A GROUP OF CRYPTOGRAPHERS AND COMPUTER SCIENTISTS has blasted demands from US and British governments for backdoors to encryption systems, saying that it would cause a "major security risk".
The report from the Massachusetts Institute of Technology (MIT) Computer Science and Artificial Intelligence Lab criticises plans to allow law enforcement agencies unfettered access to encrypted data, following in the footsteps of Apple and Google.
UK prime minister David Cameron, for example, said recently that services such as iMessage and WhatsApp should be banned if British intelligence services cannot access them, while the FBI has argued that access to encrypted communications is crucial in the fight against terrorism.
MIT said in a 34-page paper, compiled by the likes of security expert Bruce Schneier and professor Ross Anderson from Cambridge University, that this is a bad idea and will create a major security risk.
"Such access will open doors through which criminals and malicious nation states can attack the very individuals law enforcement seeks to defend,” the paper said.
"The costs would be substantial, the damage to innovation severe and the consequences to economic growth hard to predict. The costs to the developed countries’ soft power and to our moral authority would also be considerable."
The paper noted that granting governments backdoors to encryption systems will also make them a more appealing target to hackers and increase the risk of data breaches.
"Security credentials that unlock the data would have to be retained by the platform provider, law enforcement agencies, or some other trusted third party," it said.
"If law enforcement's keys guaranteed access to everything, an attacker who gained access to these keys would enjoy the same privilege.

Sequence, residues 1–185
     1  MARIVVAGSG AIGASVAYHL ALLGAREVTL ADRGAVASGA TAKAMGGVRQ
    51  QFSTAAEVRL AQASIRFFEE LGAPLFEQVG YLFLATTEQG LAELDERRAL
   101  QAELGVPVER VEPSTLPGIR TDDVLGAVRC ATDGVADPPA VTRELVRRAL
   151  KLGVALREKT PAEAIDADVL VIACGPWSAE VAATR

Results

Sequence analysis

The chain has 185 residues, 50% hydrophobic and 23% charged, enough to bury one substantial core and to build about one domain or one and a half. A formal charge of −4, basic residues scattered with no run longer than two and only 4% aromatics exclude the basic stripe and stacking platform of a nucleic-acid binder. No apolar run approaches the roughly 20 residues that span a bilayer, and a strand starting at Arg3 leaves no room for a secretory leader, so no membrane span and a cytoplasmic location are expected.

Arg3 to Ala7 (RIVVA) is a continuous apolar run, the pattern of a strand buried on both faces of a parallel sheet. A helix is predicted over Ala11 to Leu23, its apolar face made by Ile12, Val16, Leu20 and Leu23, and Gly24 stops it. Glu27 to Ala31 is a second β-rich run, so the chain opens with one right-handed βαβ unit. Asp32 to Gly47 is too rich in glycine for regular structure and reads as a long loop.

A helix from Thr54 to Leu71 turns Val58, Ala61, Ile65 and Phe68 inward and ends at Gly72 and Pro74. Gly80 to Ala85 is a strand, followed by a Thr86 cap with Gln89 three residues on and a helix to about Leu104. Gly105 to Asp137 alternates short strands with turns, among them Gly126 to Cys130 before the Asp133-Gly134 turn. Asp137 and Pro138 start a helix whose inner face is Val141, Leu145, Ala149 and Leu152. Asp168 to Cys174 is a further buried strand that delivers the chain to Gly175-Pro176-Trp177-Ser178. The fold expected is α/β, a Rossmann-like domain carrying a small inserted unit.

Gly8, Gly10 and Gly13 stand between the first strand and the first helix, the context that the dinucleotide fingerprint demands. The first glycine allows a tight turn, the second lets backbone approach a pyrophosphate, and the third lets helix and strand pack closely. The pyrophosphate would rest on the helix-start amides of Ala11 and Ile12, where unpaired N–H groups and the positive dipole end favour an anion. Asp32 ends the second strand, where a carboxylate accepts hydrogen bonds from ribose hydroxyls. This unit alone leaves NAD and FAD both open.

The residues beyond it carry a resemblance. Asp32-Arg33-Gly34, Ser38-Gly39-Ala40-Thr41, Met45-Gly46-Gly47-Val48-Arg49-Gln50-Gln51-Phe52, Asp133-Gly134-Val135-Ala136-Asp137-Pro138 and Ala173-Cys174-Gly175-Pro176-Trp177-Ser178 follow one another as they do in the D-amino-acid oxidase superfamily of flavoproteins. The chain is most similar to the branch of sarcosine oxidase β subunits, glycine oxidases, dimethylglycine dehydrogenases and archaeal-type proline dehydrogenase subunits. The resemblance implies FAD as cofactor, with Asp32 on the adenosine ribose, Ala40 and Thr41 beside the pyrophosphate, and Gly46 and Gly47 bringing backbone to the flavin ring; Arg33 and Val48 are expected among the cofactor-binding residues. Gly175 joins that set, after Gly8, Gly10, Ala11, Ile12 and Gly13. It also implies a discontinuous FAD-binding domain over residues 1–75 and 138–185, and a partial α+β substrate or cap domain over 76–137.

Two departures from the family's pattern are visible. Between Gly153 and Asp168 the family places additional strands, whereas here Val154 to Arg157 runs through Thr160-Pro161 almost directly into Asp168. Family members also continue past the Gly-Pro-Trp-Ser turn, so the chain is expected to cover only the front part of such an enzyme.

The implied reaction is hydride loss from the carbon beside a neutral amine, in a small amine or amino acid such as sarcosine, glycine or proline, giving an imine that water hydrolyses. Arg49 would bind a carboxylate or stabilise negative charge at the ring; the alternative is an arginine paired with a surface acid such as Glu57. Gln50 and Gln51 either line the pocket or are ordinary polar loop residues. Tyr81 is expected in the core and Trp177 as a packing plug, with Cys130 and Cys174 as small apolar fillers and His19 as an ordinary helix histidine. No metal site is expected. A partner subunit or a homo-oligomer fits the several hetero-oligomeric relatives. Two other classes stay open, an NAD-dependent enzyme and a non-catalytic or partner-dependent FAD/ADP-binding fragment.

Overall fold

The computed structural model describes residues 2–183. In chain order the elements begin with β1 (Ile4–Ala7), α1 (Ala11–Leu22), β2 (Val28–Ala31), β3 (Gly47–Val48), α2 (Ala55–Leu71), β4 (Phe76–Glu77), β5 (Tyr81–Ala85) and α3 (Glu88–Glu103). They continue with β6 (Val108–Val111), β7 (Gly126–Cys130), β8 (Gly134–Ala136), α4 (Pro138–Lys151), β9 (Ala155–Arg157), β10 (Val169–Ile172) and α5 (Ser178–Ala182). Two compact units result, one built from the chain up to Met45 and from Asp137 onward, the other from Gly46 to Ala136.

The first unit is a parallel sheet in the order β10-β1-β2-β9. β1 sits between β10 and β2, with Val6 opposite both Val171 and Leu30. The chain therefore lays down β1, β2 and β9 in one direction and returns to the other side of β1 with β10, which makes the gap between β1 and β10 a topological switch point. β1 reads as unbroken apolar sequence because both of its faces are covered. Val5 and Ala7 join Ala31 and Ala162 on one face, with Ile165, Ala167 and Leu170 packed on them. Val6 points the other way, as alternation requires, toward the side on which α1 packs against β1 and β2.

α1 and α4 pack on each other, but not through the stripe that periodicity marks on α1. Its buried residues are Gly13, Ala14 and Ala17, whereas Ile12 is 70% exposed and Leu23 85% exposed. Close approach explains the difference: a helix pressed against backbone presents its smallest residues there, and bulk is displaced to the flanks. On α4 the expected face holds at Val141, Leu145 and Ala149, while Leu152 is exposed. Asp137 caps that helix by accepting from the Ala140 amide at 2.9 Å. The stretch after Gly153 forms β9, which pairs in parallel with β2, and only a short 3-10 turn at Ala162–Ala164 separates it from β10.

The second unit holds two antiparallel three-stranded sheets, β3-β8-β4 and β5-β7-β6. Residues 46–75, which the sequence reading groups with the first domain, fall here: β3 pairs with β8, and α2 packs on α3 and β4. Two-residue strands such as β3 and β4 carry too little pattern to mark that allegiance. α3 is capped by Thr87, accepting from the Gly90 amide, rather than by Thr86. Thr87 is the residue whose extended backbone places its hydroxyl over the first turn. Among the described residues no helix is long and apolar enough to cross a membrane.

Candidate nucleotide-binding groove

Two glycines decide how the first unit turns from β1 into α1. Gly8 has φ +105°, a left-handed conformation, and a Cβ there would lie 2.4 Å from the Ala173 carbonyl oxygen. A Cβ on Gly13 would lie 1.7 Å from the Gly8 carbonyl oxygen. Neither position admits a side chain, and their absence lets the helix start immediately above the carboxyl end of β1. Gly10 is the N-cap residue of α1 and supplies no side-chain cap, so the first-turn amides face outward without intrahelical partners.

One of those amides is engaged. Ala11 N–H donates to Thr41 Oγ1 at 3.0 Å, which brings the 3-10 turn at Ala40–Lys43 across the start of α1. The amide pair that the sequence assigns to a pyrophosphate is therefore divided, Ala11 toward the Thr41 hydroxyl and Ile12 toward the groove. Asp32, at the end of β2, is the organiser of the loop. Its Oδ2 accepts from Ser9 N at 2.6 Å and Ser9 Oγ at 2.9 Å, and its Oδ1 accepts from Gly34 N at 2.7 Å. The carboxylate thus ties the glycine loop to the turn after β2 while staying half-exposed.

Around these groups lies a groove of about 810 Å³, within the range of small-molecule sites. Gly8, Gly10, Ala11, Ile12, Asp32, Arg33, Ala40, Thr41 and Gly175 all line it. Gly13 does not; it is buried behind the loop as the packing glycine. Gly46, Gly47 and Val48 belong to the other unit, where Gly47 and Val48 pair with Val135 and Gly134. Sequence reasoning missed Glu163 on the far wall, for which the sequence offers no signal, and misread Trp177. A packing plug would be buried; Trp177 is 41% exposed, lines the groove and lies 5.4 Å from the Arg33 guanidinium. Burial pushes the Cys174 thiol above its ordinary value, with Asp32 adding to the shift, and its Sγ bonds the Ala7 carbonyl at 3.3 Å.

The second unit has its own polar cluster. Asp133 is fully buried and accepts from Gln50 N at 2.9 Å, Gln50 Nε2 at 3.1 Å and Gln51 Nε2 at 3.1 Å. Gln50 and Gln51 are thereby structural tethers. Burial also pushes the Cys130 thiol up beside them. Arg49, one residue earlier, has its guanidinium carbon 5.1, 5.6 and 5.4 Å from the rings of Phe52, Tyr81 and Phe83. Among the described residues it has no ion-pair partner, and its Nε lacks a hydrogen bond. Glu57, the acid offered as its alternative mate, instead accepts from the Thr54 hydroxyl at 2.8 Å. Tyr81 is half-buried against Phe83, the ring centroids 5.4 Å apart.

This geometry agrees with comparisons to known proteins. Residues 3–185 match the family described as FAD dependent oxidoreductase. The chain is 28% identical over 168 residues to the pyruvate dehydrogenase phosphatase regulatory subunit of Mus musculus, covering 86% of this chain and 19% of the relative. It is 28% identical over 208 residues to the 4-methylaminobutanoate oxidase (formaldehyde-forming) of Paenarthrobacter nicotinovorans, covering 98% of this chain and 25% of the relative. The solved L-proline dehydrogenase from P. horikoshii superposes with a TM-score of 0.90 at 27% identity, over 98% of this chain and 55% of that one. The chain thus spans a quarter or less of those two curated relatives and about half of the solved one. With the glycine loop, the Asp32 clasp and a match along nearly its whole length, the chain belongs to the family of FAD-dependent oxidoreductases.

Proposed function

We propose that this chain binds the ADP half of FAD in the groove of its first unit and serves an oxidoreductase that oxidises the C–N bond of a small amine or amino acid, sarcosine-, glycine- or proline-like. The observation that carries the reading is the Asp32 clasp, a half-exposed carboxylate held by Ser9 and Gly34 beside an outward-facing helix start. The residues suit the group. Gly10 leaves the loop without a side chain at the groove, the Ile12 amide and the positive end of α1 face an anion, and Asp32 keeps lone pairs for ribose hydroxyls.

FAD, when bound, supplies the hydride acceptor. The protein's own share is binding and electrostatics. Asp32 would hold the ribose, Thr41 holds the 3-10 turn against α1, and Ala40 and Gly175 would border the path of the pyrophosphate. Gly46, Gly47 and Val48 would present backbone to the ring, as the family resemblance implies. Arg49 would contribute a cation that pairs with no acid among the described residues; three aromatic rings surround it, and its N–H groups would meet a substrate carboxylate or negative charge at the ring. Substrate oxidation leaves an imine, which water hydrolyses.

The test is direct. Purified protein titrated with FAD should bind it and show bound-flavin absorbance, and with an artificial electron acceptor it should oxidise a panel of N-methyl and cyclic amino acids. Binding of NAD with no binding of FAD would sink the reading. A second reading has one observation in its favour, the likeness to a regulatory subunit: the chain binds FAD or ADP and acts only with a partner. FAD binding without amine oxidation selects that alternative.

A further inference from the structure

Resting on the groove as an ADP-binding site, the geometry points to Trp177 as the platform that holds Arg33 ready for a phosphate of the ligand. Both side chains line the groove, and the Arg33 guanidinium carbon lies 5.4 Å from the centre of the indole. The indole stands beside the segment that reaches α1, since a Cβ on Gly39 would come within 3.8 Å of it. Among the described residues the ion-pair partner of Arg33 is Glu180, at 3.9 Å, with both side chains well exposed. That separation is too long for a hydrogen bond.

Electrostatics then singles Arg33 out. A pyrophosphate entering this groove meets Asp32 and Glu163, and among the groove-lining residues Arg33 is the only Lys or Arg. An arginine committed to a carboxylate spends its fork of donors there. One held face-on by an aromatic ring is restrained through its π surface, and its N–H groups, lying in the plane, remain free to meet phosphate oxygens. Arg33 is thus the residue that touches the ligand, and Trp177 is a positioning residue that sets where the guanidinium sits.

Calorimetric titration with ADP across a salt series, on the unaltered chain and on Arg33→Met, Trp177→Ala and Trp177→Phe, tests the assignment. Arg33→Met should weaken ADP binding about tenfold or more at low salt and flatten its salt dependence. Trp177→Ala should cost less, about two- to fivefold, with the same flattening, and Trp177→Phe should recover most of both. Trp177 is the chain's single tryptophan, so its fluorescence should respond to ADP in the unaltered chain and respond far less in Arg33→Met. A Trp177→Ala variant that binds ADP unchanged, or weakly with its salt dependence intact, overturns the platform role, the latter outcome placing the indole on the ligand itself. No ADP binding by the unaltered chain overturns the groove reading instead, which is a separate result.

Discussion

"Recent attacks on the US Government Office of Personnel Management show how much harm can arise when many organisations rely on a single institution that itself has security vulnerabilities."
MIT also pointed out that UK plans to compel all communications providers, including US companies, to grant access to British security and law enforcement agencies will see other companies following suit, reversing policy to keep the internet free.
"China has already intimated that it may require exceptional access. If a UK-based developer deploys a messaging application used by citizens of China, must it provide exceptional access to Chinese law enforcement?" the experts wrote.
"Which countries have sufficient respect for the rule of law to participate in an international exceptional access framework? How would such determinations be made?
"How would timely approvals be given for the millions of new products with communications capabilities? And how would this new surveillance ecosystem be funded and supervised?" µ
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